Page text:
Following that, The test bar should get the headstock dialled in for any short work.
These thoughts are worth exactly what they cost :-)

I'm not in any hurry. I've been sketching out the design for a toolpost grinder, based on the materials, motor and bearings I have. I'll need the grinder to finish off the needle roller journals on the shafts, once I've made them.
Who knows, I could even go back to re-conditioning the Beaver mill, like I was intending to do this winter before the Hardinge turned up.... Anything to avoid house work and gardening :-)
Mark Rand RTFM
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<<<SNIP<<<

toolpost
need the

I've made

like I was

Anything to

While you are travelling the country using randomly located machines you are welcome to use my cylindrical grinder for your journals !
AWEM
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On Wed, 17 Jan 2007 22:36:44 -0000, "Andrew Mawson"

Hmm. Visions of, otherwise undreamt of, accuracy. Can I hold that offer in reserve until I've proved that I can't build a decent, balanceable, vibration free, grit collecting, toolpost grinder?
Have you managed cast iron in that hellhole of yours yet?
Mark Rand RTFM
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On Wed, 17 Jan 2007 23:58:20 +0000, Mark Rand

Are you interested in most af a Duplex toolpost grinder as a starting point?
Tim
Dutton Dry-Dock Traditional & Modern canal craft repairs Vintage diesel engine service
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offer in

vibration
Oh yes !
AWEM
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On Tue, 16 Jan 2007 13:29:38 -0000, "Andrew Mawson"

Or a fairy of the ferrous variety?
Mark Rand RTFM
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On Tue, 16 Jan 2007 13:39:15 +0000, Mark Rand

No room for one of them :-(
Have you got one in your back pocket?
Cheers Tim
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wrote:

I've got a 2 ton 8' wide 7'-10' tall gantry crane, but I've no longer got a vehicle that it will fit in :-(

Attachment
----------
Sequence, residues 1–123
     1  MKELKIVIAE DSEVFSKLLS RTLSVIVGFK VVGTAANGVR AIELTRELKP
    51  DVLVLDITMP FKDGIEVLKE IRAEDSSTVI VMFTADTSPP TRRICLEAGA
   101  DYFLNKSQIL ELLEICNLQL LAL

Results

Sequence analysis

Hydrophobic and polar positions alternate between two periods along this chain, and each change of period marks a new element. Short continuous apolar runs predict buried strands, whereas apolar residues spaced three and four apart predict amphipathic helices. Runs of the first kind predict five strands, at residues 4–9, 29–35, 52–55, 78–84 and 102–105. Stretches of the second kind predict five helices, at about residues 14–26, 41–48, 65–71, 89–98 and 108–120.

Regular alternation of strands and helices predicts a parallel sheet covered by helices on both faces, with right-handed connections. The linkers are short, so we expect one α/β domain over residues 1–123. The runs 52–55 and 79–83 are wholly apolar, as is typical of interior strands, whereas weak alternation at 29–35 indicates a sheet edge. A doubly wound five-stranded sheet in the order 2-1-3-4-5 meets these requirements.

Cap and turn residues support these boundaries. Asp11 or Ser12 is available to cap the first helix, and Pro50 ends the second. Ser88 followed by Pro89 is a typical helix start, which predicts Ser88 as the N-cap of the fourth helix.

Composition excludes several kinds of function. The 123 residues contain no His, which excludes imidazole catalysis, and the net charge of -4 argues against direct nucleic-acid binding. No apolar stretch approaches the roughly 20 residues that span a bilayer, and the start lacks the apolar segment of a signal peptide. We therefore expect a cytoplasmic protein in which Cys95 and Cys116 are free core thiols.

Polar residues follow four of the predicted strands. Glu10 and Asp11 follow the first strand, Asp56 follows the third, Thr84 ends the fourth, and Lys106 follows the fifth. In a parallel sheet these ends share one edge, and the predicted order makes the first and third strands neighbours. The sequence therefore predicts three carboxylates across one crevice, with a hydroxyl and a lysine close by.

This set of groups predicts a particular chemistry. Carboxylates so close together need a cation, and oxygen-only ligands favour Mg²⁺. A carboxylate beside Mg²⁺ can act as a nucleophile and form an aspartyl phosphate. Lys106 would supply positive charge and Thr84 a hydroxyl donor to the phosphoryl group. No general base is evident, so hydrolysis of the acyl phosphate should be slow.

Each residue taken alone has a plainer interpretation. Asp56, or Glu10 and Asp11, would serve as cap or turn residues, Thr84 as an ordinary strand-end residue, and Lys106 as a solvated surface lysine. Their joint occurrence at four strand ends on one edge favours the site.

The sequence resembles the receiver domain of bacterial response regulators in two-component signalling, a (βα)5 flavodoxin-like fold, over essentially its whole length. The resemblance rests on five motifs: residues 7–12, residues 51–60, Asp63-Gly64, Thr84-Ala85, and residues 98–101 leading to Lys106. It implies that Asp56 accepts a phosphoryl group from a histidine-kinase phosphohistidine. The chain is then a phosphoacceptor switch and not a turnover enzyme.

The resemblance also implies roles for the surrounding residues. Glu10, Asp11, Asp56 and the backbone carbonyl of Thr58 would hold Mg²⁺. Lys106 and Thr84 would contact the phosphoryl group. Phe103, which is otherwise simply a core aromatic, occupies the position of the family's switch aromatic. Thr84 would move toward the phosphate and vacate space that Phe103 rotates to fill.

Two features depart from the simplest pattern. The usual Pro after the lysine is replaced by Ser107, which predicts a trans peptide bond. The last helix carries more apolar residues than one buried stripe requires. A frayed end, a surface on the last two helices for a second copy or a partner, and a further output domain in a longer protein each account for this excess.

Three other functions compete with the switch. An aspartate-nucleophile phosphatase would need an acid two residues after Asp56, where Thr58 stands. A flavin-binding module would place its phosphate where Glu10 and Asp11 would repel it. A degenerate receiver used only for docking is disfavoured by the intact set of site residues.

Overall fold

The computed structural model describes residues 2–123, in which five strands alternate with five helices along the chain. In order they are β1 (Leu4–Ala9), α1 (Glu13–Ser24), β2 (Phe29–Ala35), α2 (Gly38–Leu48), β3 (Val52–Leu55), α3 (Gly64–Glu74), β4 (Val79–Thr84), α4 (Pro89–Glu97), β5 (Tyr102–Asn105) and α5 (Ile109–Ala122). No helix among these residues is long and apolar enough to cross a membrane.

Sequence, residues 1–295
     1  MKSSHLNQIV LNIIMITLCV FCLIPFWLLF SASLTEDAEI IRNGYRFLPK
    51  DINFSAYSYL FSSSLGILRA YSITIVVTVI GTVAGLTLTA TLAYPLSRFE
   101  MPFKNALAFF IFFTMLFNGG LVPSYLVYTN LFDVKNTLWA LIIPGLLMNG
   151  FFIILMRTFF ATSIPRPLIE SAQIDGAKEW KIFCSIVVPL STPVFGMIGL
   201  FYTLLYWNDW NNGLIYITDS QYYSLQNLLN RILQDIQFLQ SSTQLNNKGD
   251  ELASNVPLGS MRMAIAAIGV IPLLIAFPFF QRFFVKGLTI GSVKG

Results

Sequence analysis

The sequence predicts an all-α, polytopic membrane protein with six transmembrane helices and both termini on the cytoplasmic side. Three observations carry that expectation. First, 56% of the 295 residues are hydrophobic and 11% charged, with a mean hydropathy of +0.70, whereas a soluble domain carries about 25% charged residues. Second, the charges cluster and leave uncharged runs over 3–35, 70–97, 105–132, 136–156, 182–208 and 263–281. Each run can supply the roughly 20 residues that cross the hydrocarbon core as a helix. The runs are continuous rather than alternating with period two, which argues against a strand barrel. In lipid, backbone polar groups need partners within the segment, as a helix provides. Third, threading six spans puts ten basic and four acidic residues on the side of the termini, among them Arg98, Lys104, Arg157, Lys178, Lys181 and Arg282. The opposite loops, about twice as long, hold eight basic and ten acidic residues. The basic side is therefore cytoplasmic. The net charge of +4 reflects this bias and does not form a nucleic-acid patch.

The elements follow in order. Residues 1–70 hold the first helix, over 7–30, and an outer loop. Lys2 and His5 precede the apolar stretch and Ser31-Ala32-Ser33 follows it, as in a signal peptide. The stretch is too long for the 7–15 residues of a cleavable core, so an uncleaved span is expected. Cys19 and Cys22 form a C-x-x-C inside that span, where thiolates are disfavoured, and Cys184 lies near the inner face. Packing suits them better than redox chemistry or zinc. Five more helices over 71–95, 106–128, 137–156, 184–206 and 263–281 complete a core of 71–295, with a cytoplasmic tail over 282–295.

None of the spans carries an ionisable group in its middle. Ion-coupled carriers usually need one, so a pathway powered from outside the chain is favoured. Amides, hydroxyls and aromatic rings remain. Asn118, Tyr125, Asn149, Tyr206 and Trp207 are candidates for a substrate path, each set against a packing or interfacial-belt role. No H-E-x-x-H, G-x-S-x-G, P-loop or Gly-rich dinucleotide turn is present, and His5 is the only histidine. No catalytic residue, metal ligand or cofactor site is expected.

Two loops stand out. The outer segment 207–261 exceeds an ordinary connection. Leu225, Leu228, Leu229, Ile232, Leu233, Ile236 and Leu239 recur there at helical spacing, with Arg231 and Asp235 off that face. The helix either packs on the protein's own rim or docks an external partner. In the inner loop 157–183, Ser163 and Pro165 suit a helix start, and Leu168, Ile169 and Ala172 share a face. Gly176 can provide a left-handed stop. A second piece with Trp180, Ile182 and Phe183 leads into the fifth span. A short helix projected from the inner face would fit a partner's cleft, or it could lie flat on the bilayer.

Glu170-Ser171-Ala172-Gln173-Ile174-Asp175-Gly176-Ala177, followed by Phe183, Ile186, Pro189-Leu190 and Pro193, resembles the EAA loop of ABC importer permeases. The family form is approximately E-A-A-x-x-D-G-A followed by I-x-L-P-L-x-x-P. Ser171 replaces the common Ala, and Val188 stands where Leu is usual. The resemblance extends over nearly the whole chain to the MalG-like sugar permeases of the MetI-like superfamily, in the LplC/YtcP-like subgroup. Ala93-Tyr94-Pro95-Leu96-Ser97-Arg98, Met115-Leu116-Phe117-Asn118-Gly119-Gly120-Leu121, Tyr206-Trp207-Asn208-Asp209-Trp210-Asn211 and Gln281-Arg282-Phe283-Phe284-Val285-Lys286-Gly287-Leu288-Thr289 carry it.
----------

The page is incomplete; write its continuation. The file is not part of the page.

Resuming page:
Mark Rand RTFM
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On Tue, 16 Jan 2007 16:53:38 +0000, Mark Rand

That would have been ideal for unloading the DSG off the trailer, but not much use inside the building.
Cheers Tim
Dutton Dry-Dock Traditional & Modern canal craft repairs Vintage diesel engine service
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wrote:

It was modified specifically to fit in my workshop and down the gap between the house and the garage. The A-frames on the ends might be narrower than would be accepted by my works safety officer at 39" wide, but any wider wouldn't fit. It'll just go through the 4'x8' door way into the shed without taking the door off. Having height adjusters on the ends means that moving heavy kit is easy. Wind one end up half an inch, lift the load with the chain block and let the trolley run to the end of the beam. Lower the load then shunt the gantry along. repeat as needed. It even works going up the 1:10 sloped path up to the shed.
Mark Rand RTFM
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On Tue, 16 Jan 2007 20:27:15 +0000, Mark Rand

Moving the DSG within my shed isn't proving too difficult, so far. It's sitting on some steel plates, & I dragged it (3 tons roughly) about 4 feet on my own this evening, only another 8 feet to go. The hard part is going to be moving the stuff which is now where the lathe is going, to where it's been!
Cheers Tim
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Mark Rand wrote:

Damn.. Wished I'd known what these blanks were for, but you hate to know what I sent to the scrappy last summer! But maybe you didn't need em them ;)
Wayne....
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Shit happens, regularly. If you ever came across any spare apron drive motors and gearboxes, you could probably get 250 a piece without trying.
This project should end up pretty much as good as new, but the replacement parts might not be identical with what the originals were.
Mark Rand RTFM